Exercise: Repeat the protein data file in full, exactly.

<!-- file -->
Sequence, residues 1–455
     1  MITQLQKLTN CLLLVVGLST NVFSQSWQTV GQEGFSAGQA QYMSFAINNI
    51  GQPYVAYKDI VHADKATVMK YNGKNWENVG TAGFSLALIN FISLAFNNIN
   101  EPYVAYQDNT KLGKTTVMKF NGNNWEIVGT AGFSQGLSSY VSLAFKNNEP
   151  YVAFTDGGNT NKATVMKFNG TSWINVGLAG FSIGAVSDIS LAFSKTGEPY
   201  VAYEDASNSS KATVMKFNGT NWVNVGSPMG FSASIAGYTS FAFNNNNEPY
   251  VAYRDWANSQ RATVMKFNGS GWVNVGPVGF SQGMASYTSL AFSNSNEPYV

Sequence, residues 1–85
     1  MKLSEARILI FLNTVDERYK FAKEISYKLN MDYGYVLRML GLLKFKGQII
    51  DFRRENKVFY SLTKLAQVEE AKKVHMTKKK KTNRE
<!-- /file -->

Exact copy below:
Sequence, residues 1–455
     1  MITQLQKLTN CLLLVVGLST NVFSQSWQTV GQEGFSAGQA QYMSFAINNI
    51  GQPYVAYKDI VHADKATVMK YNGKNWENVG TAGFSLALIN FISLAFNNIN
   101  EPYVAYQDNT KLGKTTVMKF NGNNWEIVGT AGFSQGLSSY VSLAFKNNEP
   151  YVAFTDGGNT NKATVMKFNG TSWINVGLAG FSIGAVSDIS LAFSKTGEPY
   201  VAYEDASNSS KATVMKFNGT NWVNVGSPMG FSASIAGYTS FAFNNNNEPY
   251  VAYRDWANSQ RATVMKFNGS GWVNVGPVGF SQGMASYTSL AFSNSNEPYV

Sequence, residues 1–85
     1  MKLSEARILI FLNTVDERYK FAKEISYKLN MDYGYVLRML GLLKFKGQII
    51  DFRRENKVFY SLTKLAQVEE AKKVHMTKKK KTNRE